AUTHORIZED LIST 

OF THE 

Ban £xanz'\sco Stock arib ($*t\)an%e Boaro. 



g^* The Trimly Journal, published at Weaverville, exclaims: — 

"Siiuurza! — Never heard j)f Squarza before ? — Good graciousl We have; and they who 
have tried it say Squarza gets up the best beverage ever manufactured on the Ameri- 
can Continent. Some absconding California rebel carried a bottle of Squarza's "Anli- 
Divorcc" Punch to Jeff Davis; ho drauk of it, and promised that rebel arms should be 
laid down inslanler when a case of that fluid was forthcoming. Squarza sent it, and 
the. rebellion is near its eud." 



The Ancients Outdone. — Talk of Daedalus and Icarus! A man made 

wings to his house, and had a fly in it ! 



pippin g &opcrlisemerUs. 



BUSINESS AND EXCURSION CONVEYANCES. 

STEAM NAVIGATION COMPANY'S KIVER AND HARBOR STEAMERS. 

J9S-FOR SACRAMENTO AND STOCKTON— Daily, at i o'clock p. m., from Broadway 

Wharf (Sundays excepted). 
JKff-FORALVISO,SAN JOSE, SANTA CLAIIA, ETC.— The Steamer SOPHiE McLANE, 
on Tuesdays, Thursdays and Saturdays, at 10 a. m. , from Broadway Wharf 

OAKLAND FERRV-KAILROAD LINK. ~~ 

IJ1BOM CORNER BROADWAY AND DAVIS STREETS. The RAILROAD beine now 
completed from Oakland to beyond the Oakland Bar (thus avoiding all further de- 
tention from low tides), Hie Cars are now running in connection with the steamer contra 
Costa. By litis arrangement, every facility which could he wished is offered tor the sale 
ami speedy transporiaiion of I'ussenuers and Freight. A carriaire-way, entirely separ- 
ated and fenced from the Railroad Track, has been constructed for'ihe especial con- 
venience of Vehicles and Stuck; also, capacious cattle pens for the accommodation of all 
Stock crossing by this route. Wlian';i^c t>v in is route free on both sides. The hours of 
departure, until further notice, will be as follows, Sundays excepted: — 
sah francisco, ujkusd. 

7ak 2pm 6am 1pm 

9am 4)4 p m 8 a k 3fm 

Ham 6pm 10 am 5pm 

Passengers leaving by the 9 o'clock boat can connect with the Stages for San Jose, 
San 1'ahlo and Murtincz, and by the - o'clock boat for San rablo. 

GEORGE tj'.iss, Superintendent Oakland Railroad. 
CHAS. M1NTCUN, Agent Steamer Contra Cosla. 

MAIL STEAMER NOTICE. 

PACIFIC MAIL STEAMSHIP CO.— The following Steamships will De dispatched dur 
ing this month: — 

July 13th— ST. LOUIS, Wm. H. Hudson, Commander. 
July 23d— CONSTITUTION, Captain J. T. Watkins, Commander. 
Leave from FolBOm Street Wharf nt 9 o'clock a. m., punctually, for Panama. 
Passengers will he conveyed from Panama to Aspinwall bv the Panama Railroad Com 
pany, and troin Aspinwall to New York by the Atlantic and Pacific Steamship Company. 

A. B. FORBES, Agent, - 

Corner Sacramento and Leidesdorfi* streets.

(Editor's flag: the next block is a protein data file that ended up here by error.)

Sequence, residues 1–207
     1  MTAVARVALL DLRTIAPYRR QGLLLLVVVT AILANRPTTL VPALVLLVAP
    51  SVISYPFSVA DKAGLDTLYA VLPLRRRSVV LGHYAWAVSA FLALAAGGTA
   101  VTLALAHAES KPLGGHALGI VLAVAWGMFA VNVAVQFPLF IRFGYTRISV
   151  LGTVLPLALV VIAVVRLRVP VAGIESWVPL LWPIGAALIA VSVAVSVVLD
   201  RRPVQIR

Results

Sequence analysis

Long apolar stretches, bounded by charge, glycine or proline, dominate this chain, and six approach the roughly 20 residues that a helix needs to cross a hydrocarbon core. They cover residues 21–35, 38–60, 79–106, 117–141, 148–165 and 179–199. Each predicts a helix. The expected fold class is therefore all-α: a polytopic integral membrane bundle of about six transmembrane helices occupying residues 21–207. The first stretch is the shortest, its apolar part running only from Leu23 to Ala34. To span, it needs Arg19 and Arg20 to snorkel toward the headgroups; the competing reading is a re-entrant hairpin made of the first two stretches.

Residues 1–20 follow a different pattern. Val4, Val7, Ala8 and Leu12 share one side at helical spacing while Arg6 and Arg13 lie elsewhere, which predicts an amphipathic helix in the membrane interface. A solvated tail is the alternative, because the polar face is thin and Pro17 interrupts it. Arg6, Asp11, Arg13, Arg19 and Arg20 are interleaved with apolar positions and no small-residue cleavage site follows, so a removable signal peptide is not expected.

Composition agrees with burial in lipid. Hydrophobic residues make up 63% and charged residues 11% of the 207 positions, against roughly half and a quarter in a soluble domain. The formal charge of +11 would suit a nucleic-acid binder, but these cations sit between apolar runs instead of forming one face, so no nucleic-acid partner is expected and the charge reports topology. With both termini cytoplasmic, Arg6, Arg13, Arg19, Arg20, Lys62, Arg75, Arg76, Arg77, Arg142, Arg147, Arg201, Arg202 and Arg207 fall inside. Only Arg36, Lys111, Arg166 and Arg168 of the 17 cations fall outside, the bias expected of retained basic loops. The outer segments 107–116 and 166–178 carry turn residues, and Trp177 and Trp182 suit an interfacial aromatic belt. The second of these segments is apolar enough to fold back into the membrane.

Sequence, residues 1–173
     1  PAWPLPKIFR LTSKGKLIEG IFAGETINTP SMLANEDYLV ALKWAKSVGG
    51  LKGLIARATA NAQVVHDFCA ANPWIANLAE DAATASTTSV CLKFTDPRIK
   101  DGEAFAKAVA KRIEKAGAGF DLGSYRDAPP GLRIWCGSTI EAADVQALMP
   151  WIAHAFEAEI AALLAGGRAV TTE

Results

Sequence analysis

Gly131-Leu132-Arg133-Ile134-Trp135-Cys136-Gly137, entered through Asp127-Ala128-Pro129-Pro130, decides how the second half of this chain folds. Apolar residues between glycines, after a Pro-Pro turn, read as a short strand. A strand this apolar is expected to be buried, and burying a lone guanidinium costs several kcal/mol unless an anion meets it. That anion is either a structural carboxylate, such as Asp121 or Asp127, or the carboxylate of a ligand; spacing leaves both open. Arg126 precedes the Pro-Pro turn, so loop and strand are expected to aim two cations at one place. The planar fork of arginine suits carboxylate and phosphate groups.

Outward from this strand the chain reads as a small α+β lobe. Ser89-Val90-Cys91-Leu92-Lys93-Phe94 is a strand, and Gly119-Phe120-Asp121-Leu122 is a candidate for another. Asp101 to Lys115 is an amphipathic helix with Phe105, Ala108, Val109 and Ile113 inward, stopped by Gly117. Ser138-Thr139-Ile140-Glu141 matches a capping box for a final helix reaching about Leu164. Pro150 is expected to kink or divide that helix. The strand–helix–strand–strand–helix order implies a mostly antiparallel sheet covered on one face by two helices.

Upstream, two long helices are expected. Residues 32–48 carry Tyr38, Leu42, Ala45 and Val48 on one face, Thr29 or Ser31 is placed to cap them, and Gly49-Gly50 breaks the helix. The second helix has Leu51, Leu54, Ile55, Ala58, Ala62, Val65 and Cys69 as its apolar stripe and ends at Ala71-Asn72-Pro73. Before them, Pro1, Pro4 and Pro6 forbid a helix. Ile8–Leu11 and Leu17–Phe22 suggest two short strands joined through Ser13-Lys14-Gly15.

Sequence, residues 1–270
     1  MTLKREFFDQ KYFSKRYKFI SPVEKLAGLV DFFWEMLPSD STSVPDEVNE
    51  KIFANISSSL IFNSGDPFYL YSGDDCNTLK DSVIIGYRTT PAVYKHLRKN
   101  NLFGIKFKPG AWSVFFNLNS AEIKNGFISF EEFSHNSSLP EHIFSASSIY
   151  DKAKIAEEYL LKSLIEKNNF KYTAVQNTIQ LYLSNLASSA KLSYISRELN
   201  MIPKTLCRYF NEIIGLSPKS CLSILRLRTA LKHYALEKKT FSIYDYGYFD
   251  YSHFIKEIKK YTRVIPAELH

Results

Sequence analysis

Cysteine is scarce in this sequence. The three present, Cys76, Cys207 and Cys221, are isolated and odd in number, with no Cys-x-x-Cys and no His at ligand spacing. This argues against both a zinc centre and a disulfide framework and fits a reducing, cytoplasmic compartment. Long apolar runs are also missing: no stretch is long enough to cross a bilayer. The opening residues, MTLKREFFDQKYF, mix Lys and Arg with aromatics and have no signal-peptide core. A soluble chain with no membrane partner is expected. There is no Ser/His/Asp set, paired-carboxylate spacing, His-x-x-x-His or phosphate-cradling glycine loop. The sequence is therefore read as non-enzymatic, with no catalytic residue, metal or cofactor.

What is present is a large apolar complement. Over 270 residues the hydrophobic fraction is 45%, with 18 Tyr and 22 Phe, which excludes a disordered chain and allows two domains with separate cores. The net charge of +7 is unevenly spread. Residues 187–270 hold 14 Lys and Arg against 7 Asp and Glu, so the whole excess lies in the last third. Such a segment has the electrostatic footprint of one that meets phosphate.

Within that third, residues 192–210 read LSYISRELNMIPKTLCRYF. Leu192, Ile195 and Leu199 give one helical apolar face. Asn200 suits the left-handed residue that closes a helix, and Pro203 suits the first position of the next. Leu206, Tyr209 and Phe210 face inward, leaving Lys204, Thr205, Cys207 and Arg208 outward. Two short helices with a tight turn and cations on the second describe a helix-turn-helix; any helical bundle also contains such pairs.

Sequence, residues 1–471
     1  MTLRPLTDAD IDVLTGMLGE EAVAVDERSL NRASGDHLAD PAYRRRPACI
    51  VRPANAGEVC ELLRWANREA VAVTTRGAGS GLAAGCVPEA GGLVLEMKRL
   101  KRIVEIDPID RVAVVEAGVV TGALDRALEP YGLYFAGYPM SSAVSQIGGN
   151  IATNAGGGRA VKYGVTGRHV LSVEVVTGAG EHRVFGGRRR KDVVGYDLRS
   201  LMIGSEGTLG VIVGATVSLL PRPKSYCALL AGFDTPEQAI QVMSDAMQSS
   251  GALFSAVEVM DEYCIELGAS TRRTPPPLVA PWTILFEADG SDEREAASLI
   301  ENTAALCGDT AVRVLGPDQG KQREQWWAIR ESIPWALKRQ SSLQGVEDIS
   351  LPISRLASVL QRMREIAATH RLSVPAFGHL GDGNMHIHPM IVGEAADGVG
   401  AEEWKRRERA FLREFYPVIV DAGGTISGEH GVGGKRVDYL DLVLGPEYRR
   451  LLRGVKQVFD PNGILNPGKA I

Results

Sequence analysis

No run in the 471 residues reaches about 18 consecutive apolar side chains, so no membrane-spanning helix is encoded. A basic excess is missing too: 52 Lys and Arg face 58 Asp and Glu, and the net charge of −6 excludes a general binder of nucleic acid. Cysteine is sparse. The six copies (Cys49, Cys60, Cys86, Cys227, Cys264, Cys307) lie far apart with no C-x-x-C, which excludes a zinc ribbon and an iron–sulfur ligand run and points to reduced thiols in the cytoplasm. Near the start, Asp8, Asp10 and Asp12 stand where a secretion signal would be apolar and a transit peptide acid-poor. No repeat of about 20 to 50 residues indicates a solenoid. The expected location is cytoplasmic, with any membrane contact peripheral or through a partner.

Steamer Fetaluma. 

CHANGE OF HOURS. On and after Wednesday, the 16th of Dec. Departure from 
Vallejo Street Wharf Daily, Sundays excepted, at 1 P. M„, lor San Qucntin, San Ra- 
tiiel, Sonoma, Lakevillc, Petaluina. Bodeu'u. Also, connecting with the stages for Santa 
Rosa, Windsor, Healdshiirg, ilcyser Springs, Cloverdalo, L'kiah, Little Lake, Long Valley, 
Albion River. Rig River, Mendoeitm. Novo River Reservation and Fort Bragg. 

The swift iiml favorite steamer Petal uui.-i. Captain C. M. Baxter, having just been thor- 
oughly overhauled and refitted with new boilers, will leave as above, connecting regu- 
larly with tlrst class stage coaches, for all the above named places. Returning, she will 
leave Pctaluma at 8 a. m. For freight or passage, apply on board, or to 
CHARLES MINTl'R.N, Ag ent, Vallejo Street Wharf. 

RAILROAD NOTICE, 

NEW ARRANGEMENT.— On and after this date, the Passenger Trains of the S. F. 
and s. J. Railroad Co. will Stop at the intersection of Sixth and Brannan streets 
going and returning, for the purpose of connecting with the cars of the rent nil Railroad 
and taking on and letting nil passengers by thai route, ''asseiigcrs wishing to lake these 
cars will notily the Conductor before arriving at Sixth street. 
_, „ A. H. HUL STUN, Snp't S. F. and S. J. R. R. Co. 

San Francisco, June 28, 186-1. 

B3r The Cars of the Central Railroad Co. will connect with the arriving and depart- 
ing Passenger Trains of ihe San Francisco und San .Jose Railroad Company at the inter- 
section .it Sixth and Hrannan streets, where a platform has been erected for the con- 
venience of passengers. l>y this route passengers can be taken direct) v t-. and from the 
Steamboat Lauding* and principal Hotels. JOHN A. MoGLYNN, 

Snp't central Railroad Co. 

SUPERIOR WINES FOR SALE. 

J AS. BEHRENS, 431 Battery street, San Francisco, Agent for Rhine Wine of M. Hirsch. 
in Mayence: 

- JOHANNISBERGER, IIOCHHETMER, D. D., SCIIARLACIIBERGER, Etc 
For Burgundy Wines of F. .Moppert, in Nuits. France: 

MACON, NUITS, CHABLIS, KJCHEBOURG, Etc. 
For Eugene Cllquot's Celebrated Champagne, Rheims, France. 



FOR S ALE — A Complete Set of Assaying Tools and Laboratory Apparatus, 
eluding Balance, rwo Sets of Scales, Blowpipe Tools. Furnace. Crucibles, Wet a 
Dry Reagents, and a good chemical Library. Apply to ■A" at this office. 



WANTED — ft young man aged 23. is desirous of obtaining a situation as Clerk 
in a Merchant a Ultlee or Wholesale. Store. Address "G.T.," .Newsletter Utiiee, 
513 Clay street. 



HEATH, R. W.— 605 Montg'y street. 
HOWARD, J. L.— 546 Washington st.